The state of Victoria in Australia is holding a Royal Commission into Family Violence.
In her opening statement at the public hearings of Victoria’s Royal Commission into Family Violence, commissioner Marcia Neave said family violence’s causes:
… are deeply embedded in community attitudes about gender, and about what is and what is not legitimate and appropriate between intimate partners and within families.
The commission’s remit is to “provide practical recommendations on how Victoria’s response to family violence can be improved”. This is an overdue examination and a highly commendable intention, as is the issue being high on the COAG agenda this week.
But to reduce family violence, we need to examine the culture of masculinity and the way we socialise our children into gender roles.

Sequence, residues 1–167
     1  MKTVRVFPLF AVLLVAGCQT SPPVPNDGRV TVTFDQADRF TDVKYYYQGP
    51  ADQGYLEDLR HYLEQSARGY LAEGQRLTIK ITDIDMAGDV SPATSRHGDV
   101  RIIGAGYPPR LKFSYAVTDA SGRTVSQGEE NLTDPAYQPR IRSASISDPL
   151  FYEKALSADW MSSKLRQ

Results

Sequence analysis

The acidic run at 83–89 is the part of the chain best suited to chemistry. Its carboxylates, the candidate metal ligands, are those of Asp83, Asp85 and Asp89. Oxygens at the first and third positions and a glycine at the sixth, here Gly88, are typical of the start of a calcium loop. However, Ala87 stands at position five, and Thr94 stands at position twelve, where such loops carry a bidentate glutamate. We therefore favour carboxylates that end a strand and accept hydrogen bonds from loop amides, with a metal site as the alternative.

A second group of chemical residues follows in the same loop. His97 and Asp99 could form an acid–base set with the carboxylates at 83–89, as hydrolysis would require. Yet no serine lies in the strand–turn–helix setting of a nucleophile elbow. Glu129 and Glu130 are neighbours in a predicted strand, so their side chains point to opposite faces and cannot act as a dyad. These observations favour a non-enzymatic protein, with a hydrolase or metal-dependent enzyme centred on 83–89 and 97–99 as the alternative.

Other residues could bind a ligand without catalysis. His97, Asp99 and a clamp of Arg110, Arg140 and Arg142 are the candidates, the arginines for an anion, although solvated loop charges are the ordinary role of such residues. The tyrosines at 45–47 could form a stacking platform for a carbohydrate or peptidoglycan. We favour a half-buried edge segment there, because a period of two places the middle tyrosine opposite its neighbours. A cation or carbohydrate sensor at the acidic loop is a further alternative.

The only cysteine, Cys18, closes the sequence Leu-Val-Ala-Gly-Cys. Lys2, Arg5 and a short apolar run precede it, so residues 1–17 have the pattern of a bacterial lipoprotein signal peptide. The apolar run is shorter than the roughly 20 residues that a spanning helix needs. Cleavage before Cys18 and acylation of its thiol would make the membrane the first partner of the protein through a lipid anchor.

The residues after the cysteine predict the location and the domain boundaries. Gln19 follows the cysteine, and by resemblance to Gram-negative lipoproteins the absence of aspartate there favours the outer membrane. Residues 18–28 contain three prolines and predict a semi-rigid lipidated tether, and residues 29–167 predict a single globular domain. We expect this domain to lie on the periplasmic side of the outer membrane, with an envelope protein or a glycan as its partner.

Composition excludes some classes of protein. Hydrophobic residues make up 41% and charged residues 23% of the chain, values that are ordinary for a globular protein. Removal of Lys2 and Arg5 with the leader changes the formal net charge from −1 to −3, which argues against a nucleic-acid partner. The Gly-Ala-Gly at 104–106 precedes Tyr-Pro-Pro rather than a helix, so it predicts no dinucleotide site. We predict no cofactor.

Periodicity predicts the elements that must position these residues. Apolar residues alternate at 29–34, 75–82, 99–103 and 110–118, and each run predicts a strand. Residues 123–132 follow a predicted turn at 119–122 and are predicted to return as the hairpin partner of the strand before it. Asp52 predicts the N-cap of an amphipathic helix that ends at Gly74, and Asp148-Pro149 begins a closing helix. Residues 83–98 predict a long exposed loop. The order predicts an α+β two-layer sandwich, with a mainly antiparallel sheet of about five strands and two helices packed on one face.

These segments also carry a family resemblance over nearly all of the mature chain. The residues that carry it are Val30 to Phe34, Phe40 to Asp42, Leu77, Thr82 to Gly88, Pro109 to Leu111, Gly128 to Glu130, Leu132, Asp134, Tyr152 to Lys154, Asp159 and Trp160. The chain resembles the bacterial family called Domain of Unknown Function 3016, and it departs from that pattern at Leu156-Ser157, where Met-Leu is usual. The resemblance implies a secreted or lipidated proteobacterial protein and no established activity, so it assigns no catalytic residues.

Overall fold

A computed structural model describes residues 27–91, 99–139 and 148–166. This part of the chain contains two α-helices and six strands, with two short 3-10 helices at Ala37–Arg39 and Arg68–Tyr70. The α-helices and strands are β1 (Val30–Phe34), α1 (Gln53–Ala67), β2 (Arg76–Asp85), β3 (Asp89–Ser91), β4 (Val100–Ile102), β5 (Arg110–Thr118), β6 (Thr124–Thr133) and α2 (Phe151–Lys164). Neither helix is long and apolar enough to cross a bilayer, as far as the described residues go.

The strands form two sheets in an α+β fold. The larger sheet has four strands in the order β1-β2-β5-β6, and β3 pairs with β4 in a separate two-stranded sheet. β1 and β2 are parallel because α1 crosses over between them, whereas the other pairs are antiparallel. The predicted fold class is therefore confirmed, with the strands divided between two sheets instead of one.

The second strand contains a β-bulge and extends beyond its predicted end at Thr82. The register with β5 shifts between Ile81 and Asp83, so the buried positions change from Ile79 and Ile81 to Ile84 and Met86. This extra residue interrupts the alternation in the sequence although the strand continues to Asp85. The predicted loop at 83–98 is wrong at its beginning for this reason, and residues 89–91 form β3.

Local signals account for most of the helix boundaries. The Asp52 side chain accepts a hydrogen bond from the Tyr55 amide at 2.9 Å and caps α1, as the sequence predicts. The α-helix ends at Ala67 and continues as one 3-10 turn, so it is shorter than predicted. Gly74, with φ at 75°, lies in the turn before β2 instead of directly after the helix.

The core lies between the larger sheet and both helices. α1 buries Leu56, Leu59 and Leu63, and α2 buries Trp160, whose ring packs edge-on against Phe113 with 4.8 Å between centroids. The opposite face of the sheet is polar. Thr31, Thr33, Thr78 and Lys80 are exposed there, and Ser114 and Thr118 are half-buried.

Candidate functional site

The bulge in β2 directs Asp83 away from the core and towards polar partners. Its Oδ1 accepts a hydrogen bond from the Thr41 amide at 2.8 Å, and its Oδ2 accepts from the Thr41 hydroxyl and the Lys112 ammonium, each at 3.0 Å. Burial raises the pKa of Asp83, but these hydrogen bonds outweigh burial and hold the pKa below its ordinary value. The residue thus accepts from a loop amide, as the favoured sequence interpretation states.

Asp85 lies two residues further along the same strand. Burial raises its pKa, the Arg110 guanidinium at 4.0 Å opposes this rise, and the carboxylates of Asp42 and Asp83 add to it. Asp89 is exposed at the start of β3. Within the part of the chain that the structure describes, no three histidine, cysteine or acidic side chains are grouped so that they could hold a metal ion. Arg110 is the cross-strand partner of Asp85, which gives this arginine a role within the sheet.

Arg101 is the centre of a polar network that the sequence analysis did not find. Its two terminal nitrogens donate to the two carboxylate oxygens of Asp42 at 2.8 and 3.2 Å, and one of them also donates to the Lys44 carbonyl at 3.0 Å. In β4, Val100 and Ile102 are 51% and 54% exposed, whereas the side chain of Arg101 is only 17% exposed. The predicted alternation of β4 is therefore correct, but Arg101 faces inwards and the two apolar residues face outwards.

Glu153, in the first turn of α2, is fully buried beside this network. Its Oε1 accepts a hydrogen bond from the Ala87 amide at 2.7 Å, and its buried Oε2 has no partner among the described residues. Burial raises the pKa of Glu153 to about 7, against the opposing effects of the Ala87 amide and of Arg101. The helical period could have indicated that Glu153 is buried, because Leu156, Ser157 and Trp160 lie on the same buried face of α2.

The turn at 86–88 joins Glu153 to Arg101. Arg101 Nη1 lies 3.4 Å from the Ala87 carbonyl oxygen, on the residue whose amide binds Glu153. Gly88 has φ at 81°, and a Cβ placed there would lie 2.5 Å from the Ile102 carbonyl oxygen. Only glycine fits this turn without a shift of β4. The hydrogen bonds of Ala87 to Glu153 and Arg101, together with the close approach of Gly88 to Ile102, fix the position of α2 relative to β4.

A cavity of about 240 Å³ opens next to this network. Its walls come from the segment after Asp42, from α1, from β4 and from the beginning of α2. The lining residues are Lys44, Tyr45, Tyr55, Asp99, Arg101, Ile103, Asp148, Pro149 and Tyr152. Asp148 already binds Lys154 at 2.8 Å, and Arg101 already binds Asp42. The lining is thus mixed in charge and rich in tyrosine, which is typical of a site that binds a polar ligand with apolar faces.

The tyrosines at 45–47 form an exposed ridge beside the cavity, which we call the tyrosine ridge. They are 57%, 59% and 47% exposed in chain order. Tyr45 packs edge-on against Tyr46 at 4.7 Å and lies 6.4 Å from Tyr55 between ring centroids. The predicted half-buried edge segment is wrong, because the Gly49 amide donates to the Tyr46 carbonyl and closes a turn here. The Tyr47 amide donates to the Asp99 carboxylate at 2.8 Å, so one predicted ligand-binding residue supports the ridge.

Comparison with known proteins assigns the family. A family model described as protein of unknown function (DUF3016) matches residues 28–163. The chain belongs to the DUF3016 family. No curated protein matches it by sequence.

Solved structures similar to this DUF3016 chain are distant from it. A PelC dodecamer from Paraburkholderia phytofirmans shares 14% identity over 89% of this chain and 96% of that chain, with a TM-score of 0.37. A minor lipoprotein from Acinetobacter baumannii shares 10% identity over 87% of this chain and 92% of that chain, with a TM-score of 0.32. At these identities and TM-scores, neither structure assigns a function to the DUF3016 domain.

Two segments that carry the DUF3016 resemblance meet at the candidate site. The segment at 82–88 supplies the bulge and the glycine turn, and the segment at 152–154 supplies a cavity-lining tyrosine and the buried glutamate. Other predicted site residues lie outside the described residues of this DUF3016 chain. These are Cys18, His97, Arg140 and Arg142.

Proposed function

Read the full article in The Conversation here.
After separation, men who abuse their intimate partners may misuse contact with their children and misuse the legal system in trying to maintain contact and control over their ex-partners. Alternatively, some abusive men appear to have a genuine, caring connection with their children and this connection has the potential to motivate them for positive change. This presentation is aimed at increasing understanding of the variations among men who use violence against women in their parenting motives and abilities. (This video includes a short section of copyright content from “Male Violence: A Room Full of Men” used with permission.)
Presented by Daniel G. Saunders, Professor, University of Michigan, USA, School of Social Work & Fulbright U.S. Scholar, Te Awatea Violence Research Centre, University of Canterbury, New Zealand
Presented at the University of Melbourne in collaboration with project partners No to Violence and Berry Street (Video length 1 hour & 18 minutes, April 2015).